In 1925, North Carolina singer and banjoist Charlie Poole's "Don't Let Your Deal Go Down Blues" sold 102,000 copies, an amazing figure for a so-called hillbilly artist. Poole was a hard-living rounder who died at 39 in 1931, after a binge that lasted 13 weeks. Songs he made famous were kept alive by Bill Monroe, whose bluegrass innovations owed plenty to Poole's North Carolina Ramblers. Harry Smith included him on his now-legendary Anthology of American Folk Music. He's been covered by such moderns as Jerry Garcia, The Chieftains and Tom T. Hall. Nevertheless, Poole remains obscure. Singer-songwriter Loudon Wainwright III means to change that with a two-CD tribute to Poole called High Wide & Handsome: The Charlie Poole Project.
courtesy of 2nd Story Sound
Charlie Poole at his home in Spray, N.C., in 1925.
High Wide & Handsome was produced by Dick Connette, who along with Wainwright wrote or co-wrote nine of its 29 songs. This is fitting, in part, because Poole wasn't a songwriter — he was an irrepressible entertainer whose material ranged from crazy old folk songs to W.C. Handy blues to Tin Pan Alley parlor ballads. Wainwright's version of the craziest folk song here, "I'm the Man Who Rode the Mule Around the World," borrows verses from everywhere, but begins with the two that also kicked off Poole's original recording.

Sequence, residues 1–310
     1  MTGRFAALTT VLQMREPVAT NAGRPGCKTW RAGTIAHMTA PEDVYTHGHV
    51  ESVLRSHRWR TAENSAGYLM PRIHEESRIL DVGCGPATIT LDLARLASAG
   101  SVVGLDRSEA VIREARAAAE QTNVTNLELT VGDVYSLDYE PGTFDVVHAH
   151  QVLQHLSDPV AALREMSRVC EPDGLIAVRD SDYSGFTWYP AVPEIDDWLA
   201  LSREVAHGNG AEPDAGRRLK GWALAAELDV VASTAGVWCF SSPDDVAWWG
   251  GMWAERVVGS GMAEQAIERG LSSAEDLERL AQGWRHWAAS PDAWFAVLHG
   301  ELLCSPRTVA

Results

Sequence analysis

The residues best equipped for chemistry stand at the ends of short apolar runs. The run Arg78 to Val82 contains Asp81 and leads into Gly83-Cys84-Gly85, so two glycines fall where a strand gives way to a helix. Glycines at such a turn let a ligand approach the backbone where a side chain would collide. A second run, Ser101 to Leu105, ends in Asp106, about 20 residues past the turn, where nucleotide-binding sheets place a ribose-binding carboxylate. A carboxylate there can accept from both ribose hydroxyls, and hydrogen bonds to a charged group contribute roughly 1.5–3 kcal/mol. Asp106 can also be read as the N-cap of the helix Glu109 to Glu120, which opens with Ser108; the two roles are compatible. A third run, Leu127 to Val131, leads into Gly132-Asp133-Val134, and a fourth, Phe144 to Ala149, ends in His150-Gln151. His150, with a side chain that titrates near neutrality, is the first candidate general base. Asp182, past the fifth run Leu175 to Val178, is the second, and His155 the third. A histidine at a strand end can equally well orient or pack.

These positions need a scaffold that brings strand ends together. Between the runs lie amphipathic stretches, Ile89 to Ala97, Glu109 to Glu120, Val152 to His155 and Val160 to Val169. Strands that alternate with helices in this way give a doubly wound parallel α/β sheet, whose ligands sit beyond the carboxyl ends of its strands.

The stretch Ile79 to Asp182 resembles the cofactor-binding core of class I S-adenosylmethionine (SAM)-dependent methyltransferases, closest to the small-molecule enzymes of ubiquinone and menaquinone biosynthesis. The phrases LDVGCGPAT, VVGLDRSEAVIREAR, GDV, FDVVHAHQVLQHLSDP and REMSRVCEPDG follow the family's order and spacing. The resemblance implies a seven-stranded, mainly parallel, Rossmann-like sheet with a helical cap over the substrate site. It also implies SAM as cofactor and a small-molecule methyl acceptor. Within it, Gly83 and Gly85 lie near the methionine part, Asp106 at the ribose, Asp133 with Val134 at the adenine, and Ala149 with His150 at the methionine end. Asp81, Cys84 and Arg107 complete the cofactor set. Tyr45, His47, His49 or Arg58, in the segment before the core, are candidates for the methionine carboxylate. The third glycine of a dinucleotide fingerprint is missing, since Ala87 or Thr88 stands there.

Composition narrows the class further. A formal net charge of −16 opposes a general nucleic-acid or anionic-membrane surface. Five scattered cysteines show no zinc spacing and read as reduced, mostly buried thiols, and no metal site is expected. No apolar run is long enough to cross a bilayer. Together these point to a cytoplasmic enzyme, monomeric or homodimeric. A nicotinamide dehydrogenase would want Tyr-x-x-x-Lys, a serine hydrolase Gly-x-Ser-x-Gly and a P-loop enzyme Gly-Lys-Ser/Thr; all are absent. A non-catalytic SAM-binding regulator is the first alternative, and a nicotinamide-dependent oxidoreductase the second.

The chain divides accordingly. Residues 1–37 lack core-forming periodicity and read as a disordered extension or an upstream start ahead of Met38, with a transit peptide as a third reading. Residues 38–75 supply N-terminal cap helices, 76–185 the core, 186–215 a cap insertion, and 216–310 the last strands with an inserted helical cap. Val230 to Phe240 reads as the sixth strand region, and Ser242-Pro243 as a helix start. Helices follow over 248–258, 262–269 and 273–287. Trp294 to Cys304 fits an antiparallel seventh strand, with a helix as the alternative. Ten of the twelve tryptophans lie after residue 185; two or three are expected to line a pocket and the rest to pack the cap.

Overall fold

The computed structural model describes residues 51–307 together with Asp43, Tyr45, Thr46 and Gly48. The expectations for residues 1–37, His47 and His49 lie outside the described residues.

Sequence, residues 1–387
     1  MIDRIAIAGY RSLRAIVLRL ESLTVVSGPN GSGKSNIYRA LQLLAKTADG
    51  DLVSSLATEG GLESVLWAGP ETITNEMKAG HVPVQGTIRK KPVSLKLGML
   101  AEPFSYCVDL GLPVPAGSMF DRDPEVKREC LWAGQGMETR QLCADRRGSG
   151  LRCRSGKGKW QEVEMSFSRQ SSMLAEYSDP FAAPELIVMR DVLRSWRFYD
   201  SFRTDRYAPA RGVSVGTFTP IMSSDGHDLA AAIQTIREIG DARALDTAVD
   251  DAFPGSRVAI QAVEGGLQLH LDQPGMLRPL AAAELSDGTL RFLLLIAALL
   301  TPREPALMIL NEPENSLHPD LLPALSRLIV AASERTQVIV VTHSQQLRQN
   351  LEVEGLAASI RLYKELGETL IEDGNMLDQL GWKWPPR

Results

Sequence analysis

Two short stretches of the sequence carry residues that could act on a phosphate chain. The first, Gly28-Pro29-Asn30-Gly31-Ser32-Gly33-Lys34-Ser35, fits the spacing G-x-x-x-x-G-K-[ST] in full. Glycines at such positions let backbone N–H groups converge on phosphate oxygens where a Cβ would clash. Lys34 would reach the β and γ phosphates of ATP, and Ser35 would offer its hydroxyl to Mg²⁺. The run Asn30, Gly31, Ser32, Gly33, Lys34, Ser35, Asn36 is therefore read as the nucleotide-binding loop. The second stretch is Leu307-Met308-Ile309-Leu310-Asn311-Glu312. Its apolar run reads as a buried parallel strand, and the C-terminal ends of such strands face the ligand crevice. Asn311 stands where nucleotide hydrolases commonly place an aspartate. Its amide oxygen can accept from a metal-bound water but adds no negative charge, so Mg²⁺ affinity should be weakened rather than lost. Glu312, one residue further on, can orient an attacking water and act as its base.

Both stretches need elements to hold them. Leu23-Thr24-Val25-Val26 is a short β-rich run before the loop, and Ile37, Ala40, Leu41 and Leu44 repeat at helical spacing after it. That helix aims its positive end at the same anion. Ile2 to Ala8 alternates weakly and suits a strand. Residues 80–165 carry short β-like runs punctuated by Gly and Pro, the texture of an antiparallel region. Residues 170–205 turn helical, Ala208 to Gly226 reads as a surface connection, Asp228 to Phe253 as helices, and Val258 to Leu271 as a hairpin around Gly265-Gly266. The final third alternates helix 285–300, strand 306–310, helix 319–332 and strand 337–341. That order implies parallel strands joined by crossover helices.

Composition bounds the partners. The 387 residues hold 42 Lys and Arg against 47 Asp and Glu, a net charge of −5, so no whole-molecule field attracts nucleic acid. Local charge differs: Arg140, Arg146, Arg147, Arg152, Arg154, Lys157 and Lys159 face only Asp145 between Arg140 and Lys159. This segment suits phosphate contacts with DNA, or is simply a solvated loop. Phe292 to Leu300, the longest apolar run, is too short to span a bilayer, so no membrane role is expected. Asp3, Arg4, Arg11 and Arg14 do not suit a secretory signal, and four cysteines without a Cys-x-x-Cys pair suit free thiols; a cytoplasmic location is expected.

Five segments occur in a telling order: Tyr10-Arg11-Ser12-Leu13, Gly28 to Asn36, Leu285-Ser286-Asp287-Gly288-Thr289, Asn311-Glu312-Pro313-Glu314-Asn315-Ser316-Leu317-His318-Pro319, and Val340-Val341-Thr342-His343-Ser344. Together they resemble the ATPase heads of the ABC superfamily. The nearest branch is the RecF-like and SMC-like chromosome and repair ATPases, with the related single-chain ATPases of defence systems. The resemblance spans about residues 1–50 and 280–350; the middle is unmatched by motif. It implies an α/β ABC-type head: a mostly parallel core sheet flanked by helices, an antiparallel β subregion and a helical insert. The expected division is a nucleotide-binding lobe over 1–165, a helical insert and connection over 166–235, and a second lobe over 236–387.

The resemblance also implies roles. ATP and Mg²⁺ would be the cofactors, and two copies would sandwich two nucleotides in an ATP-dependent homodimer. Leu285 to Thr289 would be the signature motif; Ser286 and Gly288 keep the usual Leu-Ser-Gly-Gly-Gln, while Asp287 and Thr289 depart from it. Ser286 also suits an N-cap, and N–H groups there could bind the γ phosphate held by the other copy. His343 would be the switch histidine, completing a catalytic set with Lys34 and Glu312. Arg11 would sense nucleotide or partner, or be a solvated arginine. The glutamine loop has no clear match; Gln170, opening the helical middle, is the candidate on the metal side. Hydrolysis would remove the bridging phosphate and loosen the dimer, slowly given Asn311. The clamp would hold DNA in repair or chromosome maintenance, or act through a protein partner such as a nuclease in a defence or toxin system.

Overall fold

The other reason High Wide & Handsome accommodates new songs so readily is that it's a kind of musical documentary: Most of the new material is about Poole, as well as sung in his manner. These include descriptions of his first recording session and his last drinking spree. But my favorite is a song he couldn't have sung — a song Wainwright couldn't have sung, either. It's from the point of view of Poole's wife, and it's performed by one of Wainwright's many singing ex-sisters-in-law, Maggie Roche.
On Sept. 15, Loudon Wainwright, Dick Connette, their musicians and most of Wainwright's family celebrated High Wide & Handsome in a one-of-a-kind concert at Manhattan's Highline Ballroom. It would be nice if this project became so renowned that it generated more such events. But Wainwright told us he had a more modest goal: a place in the Country Music Hall of Fame for a rambling man named Charlie Poole.